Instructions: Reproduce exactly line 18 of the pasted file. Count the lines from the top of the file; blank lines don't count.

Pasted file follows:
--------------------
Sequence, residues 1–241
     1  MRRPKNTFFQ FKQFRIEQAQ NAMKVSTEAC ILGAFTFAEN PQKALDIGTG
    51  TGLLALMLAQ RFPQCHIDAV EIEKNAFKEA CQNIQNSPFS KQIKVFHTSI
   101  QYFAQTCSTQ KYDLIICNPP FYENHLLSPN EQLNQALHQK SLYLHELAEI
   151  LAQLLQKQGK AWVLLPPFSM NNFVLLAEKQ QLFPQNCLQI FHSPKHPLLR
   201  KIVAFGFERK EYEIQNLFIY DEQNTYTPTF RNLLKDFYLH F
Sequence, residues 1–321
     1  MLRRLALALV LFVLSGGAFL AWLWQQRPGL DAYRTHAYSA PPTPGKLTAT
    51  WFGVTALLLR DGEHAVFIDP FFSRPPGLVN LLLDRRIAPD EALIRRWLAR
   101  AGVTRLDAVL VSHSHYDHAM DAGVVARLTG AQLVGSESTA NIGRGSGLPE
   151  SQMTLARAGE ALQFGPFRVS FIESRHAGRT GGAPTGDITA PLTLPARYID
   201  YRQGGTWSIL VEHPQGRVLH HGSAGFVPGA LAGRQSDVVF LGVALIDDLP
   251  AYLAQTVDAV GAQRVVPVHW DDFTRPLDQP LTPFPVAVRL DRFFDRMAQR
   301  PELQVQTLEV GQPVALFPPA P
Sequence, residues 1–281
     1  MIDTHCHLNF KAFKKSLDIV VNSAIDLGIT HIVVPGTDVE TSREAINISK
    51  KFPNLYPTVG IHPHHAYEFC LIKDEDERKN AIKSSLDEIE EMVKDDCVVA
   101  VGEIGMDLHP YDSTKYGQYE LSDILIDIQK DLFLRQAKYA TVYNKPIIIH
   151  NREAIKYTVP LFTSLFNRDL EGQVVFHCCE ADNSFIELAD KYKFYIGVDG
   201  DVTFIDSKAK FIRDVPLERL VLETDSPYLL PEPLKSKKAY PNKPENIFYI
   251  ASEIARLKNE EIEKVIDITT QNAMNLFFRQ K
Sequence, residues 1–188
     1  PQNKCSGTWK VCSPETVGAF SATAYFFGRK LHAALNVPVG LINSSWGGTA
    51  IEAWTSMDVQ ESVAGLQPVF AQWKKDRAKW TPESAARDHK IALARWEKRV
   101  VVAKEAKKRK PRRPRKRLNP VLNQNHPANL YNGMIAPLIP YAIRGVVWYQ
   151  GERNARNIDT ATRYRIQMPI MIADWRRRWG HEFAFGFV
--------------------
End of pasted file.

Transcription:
   101  VGEIGMDLHP YDSTKYGQYE LSDILIDIQK DLFLRQAKYA TVYNKPIIIH